The media’s role in the death of Lucy Meadows

Lucy Meadows, a transsexual woman formerly called Nathan Upton, committed suicide earlier this month, the victim of a media witch-hunt. In December, Daily Mail columnist Richard Littlejohn published an attack on her that aimed to hound her out of her job as a primary school teacher.

Marko Attila Hoare is a British historian who also writes about current affairs

Lucy Meadows, a transsexual woman formerly called Nathan Upton, is believed to have committed suicide earlier this month, following a media witch-hunt.

In December, Daily Mail columnist Richard Littlejohn published an attack on her that aimed to hound her out of her job as a primary school teacher.

He claimed that having a woman teacher they had formerly known as a man would have a ‘devastating effect’ on Meadows’s pupils; apparently, she was trying to ‘project his personal problems on to impressionable young children’, while Meadows’s school, which supported her, was seeking to ‘elevate its “commitment to diversity and equality” above its duty of care to its pupils and their parents.’

Littlejohn concluded that if Meadows ‘cares so little for the sensibilities of the children he is paid to teach, he’s not only trapped in the wrong body, he’s in the wrong job’.

The ensuing media frenzy involved personal pictures of Meadows being published in the national press, and paparazzi camping outside her home, forcing her to leave for work early and return late to avoid them.

She complained to the Press Complaints Commission about the Littlejohn piece, but ultimately found the harassment unbearable.

This scandal follows another mainstream media assault on trans people earlier this year, when columnist, Julie Burchill, published a transphobic rant in The Observer, involving phrases such as ‘a bunch of dicks in chick’s [sic] clothing’ and  ‘a bunch of bed-wetters in bad wigs’.

Apparently, Britain’s leading quality liberal Sunday paper considered such bigotry acceptable if the targeted minority was defenceless enough and if its circulation could be sufficiently boosted by the predictable storm.

However, The Observer underestimated the degree of its readers’ disgust that followed, which led it to remove the article from its website and publish an apology. But with wearying predictability, a horde of right-wing Daily Telegraph and Spectator columnists – including Toby Young, William Henderson, Allison Pearson and Rod Liddle – joined by a handful of liberals, waded in to defend Burchill on ‘free speech’ grounds and to condemn The Observer’s ‘censorship’.

There are reasons for suspecting that Burchill’s defenders were not really motivated by concern for ‘freedom of speech’. Her article remained freely available and republished on other places on the internet, including the Daily Telegraph’s own website; critics weren’t suggesting that the state should ban it, merely that the Guardian shouldn’t host it, so the talk of ‘censorship’ was a straw man.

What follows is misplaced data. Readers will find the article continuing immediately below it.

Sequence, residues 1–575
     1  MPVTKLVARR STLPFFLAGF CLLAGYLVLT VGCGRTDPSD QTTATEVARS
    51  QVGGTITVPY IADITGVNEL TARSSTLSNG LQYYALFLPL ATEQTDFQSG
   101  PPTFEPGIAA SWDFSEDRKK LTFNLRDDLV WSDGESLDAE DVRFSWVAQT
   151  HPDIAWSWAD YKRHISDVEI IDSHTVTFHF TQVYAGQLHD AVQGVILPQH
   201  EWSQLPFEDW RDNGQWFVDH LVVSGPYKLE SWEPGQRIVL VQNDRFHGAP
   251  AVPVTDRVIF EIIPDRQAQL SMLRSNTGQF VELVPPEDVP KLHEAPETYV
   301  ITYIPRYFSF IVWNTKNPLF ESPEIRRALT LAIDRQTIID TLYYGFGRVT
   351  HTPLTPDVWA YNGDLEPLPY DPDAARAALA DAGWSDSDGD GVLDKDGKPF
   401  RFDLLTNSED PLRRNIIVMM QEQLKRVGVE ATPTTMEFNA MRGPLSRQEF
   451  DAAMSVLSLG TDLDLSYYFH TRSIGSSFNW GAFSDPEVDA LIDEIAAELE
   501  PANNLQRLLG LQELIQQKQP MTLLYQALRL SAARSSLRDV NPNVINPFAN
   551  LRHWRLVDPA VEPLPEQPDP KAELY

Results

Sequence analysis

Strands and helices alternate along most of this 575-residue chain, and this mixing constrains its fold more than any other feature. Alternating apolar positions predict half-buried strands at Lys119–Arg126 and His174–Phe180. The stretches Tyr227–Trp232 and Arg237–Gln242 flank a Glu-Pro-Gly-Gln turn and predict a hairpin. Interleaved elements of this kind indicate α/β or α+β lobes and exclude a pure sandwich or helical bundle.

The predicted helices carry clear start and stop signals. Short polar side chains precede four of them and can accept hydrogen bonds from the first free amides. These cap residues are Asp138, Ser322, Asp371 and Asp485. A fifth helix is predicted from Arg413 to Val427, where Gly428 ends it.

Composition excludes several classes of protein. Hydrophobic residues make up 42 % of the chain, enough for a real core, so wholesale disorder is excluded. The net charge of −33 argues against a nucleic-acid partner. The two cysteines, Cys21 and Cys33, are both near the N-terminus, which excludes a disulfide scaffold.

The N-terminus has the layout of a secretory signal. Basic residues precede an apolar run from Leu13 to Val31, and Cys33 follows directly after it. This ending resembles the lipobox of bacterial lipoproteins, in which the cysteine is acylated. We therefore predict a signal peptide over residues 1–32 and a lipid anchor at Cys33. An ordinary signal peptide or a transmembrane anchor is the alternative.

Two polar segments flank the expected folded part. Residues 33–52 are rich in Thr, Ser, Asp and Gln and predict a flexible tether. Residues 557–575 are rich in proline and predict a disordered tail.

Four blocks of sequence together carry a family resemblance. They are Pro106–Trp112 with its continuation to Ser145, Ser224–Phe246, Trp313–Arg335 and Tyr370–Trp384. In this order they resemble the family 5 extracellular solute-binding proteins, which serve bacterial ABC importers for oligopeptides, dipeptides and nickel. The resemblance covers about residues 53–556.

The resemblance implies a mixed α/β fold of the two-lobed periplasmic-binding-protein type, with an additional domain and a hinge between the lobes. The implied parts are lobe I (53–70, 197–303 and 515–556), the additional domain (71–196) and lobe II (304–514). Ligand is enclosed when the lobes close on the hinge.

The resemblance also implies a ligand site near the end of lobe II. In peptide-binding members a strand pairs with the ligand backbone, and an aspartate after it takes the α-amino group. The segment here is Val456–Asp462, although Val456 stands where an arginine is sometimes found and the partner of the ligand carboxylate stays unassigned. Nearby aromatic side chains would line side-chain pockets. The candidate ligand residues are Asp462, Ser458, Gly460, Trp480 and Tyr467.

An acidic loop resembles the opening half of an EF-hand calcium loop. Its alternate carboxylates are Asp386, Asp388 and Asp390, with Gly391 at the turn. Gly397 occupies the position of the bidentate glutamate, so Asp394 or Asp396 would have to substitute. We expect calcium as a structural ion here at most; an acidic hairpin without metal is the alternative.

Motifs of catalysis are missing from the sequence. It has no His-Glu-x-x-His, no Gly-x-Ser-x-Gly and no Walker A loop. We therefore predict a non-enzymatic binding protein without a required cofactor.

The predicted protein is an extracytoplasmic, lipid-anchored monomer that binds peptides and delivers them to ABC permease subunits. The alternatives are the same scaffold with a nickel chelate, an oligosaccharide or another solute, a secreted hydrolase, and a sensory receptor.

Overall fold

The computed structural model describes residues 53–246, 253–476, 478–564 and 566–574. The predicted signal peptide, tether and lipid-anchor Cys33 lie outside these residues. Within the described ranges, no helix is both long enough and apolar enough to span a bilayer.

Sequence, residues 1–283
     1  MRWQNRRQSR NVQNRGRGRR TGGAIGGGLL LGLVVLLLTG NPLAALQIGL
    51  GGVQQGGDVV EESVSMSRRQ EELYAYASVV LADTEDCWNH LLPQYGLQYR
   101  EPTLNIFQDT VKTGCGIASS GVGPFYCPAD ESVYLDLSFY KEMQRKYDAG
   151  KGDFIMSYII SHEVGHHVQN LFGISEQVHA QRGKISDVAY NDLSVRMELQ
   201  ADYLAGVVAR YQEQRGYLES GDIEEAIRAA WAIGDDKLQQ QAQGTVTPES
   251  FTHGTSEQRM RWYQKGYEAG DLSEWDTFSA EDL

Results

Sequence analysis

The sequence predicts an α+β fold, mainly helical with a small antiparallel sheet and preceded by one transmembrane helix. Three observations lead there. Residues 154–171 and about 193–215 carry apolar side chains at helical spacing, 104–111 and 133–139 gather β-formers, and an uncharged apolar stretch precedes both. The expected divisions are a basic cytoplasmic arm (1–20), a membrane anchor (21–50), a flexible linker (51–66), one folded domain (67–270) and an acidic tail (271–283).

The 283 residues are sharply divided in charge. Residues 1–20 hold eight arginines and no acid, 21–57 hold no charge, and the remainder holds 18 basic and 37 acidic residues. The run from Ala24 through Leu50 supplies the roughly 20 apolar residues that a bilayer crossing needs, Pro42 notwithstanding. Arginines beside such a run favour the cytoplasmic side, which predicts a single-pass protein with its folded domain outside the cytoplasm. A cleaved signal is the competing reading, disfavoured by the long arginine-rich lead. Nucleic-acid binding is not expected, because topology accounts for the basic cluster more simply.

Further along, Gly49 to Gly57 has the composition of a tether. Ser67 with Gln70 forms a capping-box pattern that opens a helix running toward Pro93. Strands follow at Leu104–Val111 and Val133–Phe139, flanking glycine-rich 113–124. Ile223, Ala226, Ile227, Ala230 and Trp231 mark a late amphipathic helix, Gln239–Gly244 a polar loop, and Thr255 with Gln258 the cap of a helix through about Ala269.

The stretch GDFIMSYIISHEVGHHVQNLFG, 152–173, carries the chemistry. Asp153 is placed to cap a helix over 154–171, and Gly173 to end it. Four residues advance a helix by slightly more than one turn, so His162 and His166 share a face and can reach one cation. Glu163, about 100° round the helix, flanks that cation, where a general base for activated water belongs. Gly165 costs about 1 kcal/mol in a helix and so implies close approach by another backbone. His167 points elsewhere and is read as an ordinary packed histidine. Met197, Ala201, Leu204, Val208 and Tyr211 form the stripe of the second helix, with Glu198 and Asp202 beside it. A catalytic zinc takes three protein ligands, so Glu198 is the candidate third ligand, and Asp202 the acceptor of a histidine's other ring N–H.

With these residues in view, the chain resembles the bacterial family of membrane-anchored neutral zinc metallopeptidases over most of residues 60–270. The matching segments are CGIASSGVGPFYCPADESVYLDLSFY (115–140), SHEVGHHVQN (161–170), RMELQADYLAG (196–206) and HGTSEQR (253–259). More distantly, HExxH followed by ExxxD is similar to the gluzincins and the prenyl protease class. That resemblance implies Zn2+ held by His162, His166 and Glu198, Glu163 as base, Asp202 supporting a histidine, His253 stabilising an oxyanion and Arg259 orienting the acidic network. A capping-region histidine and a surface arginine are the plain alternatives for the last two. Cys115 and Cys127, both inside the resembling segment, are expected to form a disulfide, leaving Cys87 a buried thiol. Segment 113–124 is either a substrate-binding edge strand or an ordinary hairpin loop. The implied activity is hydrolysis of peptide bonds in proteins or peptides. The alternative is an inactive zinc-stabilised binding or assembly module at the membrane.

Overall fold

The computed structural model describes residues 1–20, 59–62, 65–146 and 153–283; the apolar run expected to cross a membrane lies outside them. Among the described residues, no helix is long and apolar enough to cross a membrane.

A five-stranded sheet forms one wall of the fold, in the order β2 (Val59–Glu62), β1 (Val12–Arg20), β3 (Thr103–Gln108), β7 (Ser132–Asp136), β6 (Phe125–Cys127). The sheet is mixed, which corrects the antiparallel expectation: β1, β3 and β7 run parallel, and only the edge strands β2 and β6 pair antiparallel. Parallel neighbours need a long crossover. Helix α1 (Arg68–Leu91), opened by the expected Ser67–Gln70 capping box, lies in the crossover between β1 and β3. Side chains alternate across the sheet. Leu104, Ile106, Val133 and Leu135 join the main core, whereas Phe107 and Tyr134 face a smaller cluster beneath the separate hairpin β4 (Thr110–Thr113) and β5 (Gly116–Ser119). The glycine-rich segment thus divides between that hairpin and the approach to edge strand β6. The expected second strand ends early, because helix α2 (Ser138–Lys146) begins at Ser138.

Furthermore, some of them couldn’t resist chipping in with transphobic snipes of their own – Liddle referred to ‘trannies’ and ‘quasi-women’; Pearson humorously suggested transsexual people should ‘man up !’ and accept the insults; Tom Peck, in the Independent, wrote: ‘You’d think the trannies could take it really, their shoulders are broad enough’.

Burchill’s defenders were notable by their silence when a similar ‘free speech’ issue manifested itself immediately after.

Remarks made by Liberal Democrat MP David Ward in the run-up to Holocaust Memorial Day, and a cartoon by Gerald Scarfe of Israeli prime minister Binyamin Netanyahu, that was also considered by some (wrongly but understandably) to be anti-Semitic, appeared on the day itself in the Sunday Times.

Ward was threatened with losing his LibDem whip, while Rupert Murdoch personally apologized to Netanyahu for the Scarfe cartoon.

The supposed ‘censorship’ of Ward and Scarfe was comparable to the ‘censorship’ of Burchill; it involved disassociation from, not actual suppression of the speech in question. Yet there was no comparable right-wing and libertarian storm in defence of Ward’s or Scarfe’s ‘free speech’.

One suspects that many columnists will only defend the ‘right to offend’ when it is directed against a target which they despise, such as transsexual people, but not when directed against one they like, such as the State of Israel or the Cenotaph (which young Charlie Gilmour was actually sent to prison for swinging from during a demonstration against tuition fees, on which occasion, far from defending his ‘right to offend’, Burchill led the media attack on him).

Hate speech is not just ‘causing offense’; its consequence is not only that people reading it will be upset. Hate speech is about intimidating and disempowering its targets; about making prejudice, discrimination, harassment, even violent assaults on them acceptable.

As the case of Lucy Meadows has brutally demonstrated, the results can be fatal.

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